My own speech was on youth empowerment. It wasn't a topic that I'd chosen - it was something that the organisers had asked me to speak on. In a nutshell, my basic message was that:
- (1) youths in Singapore can achieve great things of their own choice; and
(2) to do that, they must learn to disbelieve and distrust all those forces in society which tell them that they can't.
And as examples of such forces, I cited their parents, their teachers, their principals, their future bosses, and the government.
I further argued that none of these forces necessarily knew anything better than the youths themselves. That's because the wisdom of these forces is based on experience, and experience is always based on the past, but past experience doesn't necessarily count for that much in a world that is always rapidly changing, always rapidly evolving.
(Any sensible person who has ever had to work for a stupid, older boss will instantly know what I mean.)
"No one has all the answers," I boldly declared. The implication being that since no one has all the answers anyway, youths should feel entitled to jump into the deep end, innovate and do things their own way.
I might be wrong, but I sensed that the reactions from the audience were quite mixed. Some of them were fascinated and inspired by this Mr Wang fellow on stage who confirmed their long-held suspicion that indeed, they were cleverer than their parents and teachers.
Others however looked somewhat dismayed and shocked by the suggestion that their beloved parents and teachers could be stupider than themselves, and that the traditional, conventional ways of doing things might not be the best.
And there were yet other students who simply didn't seem to believe that they, mere youths, could actually be capable of great things. It was with this third category of students that I felt a sense of disappointment.
Today, thinking about my speech again, I realised that if it had failed in some way, then a good explanation for its failure lies, once again, in Myers-Briggs (it's uncanny the number of things Myers-Briggs can explain things).
Under the Myer-Briggs classification of human personality types, I am an INTJ. And my speech turned out to be a classic reflection of the INTJ's thinking patterns. Click on the hyperlink and in the very paragraph, you'll see that they say this about INTJs:
"People with INTJ preferences are relentless innovators in thought as well as action. They trust their intuitive insights into the true relationships and meanings of things, regardless of established authority or popularly accepted beliefs. Their faith in their inner vision can move mountains. Problems only stimulate them--the impossible takes a little longer, but not much."Because I am a "relentless innovator", the past experience of more-senior persons does not impress me much. I'm not interested in the past, I'm interested in the present and the future, and how to find new ways to make things better.
And because I have such deep "faith in my inner vision", I have little difficulty rejecting "established authority" or "popularly accepted beliefs". In other words, I easily recognise stupid ideas for what they are, even if they come from supposedly "respectable" sources like parents, teachers, government etc.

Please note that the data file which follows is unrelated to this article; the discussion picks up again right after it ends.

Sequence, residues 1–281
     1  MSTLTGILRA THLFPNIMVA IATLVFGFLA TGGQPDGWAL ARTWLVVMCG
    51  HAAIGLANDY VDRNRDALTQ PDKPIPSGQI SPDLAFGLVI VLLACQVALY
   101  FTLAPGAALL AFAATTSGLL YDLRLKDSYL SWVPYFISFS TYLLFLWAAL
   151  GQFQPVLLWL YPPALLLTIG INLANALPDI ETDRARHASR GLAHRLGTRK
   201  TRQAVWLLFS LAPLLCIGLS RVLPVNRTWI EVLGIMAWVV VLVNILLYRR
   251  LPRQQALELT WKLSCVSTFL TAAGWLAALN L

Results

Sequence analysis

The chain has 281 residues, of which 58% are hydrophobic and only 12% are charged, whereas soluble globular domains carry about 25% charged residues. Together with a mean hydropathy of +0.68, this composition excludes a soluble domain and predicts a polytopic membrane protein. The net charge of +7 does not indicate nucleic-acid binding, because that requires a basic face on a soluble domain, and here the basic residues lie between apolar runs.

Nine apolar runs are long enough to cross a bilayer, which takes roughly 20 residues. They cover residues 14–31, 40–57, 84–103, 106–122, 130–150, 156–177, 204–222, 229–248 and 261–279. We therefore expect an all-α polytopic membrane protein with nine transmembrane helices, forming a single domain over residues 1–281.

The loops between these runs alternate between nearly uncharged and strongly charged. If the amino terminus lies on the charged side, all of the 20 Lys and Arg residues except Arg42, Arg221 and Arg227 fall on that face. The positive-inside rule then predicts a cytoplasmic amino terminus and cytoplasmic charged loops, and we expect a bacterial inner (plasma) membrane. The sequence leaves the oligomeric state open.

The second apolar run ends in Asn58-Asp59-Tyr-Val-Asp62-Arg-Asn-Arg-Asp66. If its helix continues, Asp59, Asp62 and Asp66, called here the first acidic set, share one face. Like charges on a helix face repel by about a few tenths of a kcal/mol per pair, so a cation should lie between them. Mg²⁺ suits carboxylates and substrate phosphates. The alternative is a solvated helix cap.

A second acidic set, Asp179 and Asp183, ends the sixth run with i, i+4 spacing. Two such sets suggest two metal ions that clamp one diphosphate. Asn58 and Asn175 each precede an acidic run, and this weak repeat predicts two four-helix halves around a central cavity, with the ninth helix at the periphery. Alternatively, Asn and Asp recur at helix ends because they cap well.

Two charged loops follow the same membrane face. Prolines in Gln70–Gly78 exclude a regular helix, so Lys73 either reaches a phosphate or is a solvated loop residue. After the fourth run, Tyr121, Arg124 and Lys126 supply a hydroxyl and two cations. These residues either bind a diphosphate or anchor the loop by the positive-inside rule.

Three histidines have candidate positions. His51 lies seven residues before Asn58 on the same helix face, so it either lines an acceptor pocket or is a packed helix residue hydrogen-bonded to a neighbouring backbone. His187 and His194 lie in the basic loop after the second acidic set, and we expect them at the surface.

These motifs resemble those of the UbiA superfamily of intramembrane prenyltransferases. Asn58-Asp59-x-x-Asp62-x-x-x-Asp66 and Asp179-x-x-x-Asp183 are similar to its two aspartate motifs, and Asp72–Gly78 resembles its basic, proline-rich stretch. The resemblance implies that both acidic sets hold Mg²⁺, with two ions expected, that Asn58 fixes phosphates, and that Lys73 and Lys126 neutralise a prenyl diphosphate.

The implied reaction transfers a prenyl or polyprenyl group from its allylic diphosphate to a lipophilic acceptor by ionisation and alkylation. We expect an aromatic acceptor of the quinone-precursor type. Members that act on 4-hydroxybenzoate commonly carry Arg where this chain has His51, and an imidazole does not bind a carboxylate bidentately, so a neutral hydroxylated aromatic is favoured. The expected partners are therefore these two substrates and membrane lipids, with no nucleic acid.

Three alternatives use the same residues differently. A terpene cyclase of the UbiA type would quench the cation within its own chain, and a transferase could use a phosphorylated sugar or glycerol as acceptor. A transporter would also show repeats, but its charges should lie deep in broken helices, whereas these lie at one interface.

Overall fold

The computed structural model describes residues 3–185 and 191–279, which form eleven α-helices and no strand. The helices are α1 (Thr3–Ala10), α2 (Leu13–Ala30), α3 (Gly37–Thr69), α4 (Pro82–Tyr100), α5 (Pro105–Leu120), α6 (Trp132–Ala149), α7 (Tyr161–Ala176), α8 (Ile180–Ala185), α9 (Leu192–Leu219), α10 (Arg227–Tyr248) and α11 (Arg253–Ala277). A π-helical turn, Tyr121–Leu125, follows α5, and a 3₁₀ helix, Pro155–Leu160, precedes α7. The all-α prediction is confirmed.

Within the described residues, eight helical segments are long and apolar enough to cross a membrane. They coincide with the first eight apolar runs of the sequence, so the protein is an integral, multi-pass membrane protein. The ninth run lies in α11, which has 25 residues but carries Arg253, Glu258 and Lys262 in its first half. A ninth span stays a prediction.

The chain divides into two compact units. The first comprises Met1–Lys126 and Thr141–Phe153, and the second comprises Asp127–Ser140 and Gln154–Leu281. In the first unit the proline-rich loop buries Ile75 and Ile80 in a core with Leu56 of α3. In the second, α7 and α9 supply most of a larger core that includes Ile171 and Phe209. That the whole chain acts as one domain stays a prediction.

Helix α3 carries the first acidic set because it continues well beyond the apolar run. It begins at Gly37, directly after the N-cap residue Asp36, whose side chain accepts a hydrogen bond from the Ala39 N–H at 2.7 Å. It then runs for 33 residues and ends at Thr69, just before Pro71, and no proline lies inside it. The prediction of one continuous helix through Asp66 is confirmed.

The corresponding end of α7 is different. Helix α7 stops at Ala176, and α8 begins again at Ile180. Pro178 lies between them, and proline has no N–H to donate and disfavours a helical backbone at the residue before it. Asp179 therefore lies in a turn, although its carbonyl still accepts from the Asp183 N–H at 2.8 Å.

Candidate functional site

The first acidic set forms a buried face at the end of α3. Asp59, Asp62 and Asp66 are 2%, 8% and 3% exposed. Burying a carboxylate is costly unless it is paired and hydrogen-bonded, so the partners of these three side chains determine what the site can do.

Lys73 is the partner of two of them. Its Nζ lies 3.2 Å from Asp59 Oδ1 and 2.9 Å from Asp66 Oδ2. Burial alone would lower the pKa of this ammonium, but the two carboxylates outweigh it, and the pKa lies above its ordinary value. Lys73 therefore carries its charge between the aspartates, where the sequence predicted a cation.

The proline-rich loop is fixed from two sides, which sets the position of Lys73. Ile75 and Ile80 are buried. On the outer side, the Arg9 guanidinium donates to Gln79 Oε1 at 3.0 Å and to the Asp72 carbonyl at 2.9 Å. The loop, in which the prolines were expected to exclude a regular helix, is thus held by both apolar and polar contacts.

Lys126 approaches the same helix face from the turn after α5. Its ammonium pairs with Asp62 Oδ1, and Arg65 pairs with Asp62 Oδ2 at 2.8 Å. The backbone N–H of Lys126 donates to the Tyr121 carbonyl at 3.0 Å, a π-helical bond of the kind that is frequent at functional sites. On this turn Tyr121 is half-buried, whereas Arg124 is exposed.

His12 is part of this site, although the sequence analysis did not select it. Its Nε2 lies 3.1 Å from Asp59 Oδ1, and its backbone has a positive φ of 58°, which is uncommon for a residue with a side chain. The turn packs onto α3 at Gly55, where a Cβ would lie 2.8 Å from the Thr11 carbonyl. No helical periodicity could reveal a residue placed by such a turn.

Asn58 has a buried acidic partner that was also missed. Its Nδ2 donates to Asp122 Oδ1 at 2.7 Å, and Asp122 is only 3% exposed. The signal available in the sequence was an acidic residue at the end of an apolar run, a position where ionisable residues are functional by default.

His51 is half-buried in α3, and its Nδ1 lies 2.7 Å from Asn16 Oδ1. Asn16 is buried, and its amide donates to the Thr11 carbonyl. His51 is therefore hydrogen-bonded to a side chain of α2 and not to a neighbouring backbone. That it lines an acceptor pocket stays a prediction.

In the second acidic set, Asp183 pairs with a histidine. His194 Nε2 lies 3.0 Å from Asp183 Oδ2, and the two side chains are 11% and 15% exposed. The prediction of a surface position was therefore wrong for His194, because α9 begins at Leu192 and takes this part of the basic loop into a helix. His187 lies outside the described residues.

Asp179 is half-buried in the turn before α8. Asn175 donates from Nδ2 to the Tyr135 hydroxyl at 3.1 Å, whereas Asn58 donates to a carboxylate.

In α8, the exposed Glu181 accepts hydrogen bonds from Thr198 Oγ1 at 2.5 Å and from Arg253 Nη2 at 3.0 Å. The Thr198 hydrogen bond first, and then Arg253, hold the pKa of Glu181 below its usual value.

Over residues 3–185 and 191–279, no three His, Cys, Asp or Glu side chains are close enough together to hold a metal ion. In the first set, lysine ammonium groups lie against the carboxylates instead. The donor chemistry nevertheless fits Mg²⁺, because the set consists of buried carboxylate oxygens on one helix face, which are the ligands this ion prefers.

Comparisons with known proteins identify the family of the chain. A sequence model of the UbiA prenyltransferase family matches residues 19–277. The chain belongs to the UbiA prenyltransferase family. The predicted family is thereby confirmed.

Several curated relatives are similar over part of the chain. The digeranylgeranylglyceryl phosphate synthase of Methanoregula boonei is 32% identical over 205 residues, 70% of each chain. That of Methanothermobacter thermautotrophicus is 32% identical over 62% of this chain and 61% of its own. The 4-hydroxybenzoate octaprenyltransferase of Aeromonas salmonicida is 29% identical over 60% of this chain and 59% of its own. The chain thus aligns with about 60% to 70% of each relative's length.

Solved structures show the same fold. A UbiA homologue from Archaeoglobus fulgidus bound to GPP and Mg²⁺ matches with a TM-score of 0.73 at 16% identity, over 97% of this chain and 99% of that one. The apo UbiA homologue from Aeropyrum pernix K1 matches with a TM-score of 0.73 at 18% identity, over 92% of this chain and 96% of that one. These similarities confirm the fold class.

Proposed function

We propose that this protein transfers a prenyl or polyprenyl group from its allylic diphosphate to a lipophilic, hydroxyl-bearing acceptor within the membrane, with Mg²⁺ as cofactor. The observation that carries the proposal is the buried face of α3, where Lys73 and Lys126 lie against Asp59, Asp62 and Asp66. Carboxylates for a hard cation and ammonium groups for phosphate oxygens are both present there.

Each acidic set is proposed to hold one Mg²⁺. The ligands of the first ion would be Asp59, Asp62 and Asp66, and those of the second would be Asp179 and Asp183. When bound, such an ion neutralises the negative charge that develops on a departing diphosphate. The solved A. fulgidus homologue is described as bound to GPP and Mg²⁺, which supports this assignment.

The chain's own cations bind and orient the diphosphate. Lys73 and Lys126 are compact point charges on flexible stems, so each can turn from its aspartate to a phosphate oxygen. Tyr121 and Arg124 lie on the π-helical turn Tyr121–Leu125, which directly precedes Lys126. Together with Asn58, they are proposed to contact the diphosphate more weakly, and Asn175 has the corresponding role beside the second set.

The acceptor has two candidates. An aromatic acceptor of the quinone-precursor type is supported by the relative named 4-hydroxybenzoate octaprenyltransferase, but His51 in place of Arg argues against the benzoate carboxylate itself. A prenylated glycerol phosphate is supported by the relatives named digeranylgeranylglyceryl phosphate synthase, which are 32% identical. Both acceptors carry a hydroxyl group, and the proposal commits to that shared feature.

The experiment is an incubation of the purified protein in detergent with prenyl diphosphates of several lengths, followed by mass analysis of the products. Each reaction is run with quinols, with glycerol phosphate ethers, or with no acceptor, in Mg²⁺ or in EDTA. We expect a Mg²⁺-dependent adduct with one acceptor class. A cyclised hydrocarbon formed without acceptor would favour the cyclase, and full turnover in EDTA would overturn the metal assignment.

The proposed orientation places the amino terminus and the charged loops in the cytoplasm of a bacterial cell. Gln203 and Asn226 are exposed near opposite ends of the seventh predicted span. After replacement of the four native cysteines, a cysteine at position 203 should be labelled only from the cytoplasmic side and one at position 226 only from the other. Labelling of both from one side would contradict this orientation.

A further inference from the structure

Furthermore, as an INTJ, my tendency is not merely to believe that it is possible to achieve great things. As an INTJ, I constantly expect great things to be achieved:
They place a high value on competence--their own and others'. Being sure of the worth of their inspirations, INTJs want to see them worked out in practice, applied and accepted by the rest of the world; they are willing to spend any time and effort to that end. They have determination, perseverance, and will drive others almost as hard as they drive themselves ....Alas, in making my speech, I forgot one very basic thing. Not everyone is an INTJ.
... INTJs have an inner world rich with endless possibilities that, when combined with their Thinking-Judging preferences, gives them a drive toward constant improvement of everything. Indeed, these are the "better idea" people of the typological world. Everything--words, plans, designs, ideas, even people--has room for improvement. In the INTJ's eyes, even the best can be made better.
In fact, INTJs are statistically the rarest kind of human being in the Myer-Briggs system. So most of the students in that lecture theatre would not have been INTJs or even one of the more closely-related types like INTPs or ENTJs (all relatively rare as well).
No winder there seemed to be students who seemed sceptical when I told them that they could achieve great things.
Damn. If I'd realised this earlier, maybe I could have found some other way to package the message.
Please, folks. Don't sell yourselves short. All of us are capable of great things. All of us have so much potential that most of it will remain untapped for our entire lifetimes. The only real question is - how much of YOUR potential do you want to try to tap?
You're 17, 18, 19 years old. At your age, there are already people in the world who have won Olympic medals; obtained their university degrees; graduated as doctors; written award-winning books; made millions as top fashion models; played in the World Cup finals; or become the Dalai Lama.
You may never go that far in life, but couldn't you go half as far? Or a quarter as far? Maybe one-eighth or one-sixteenth?
Don't be mediocre. You've got one life - since you're going to be here and the time will pass anyway, why not DO something with your life?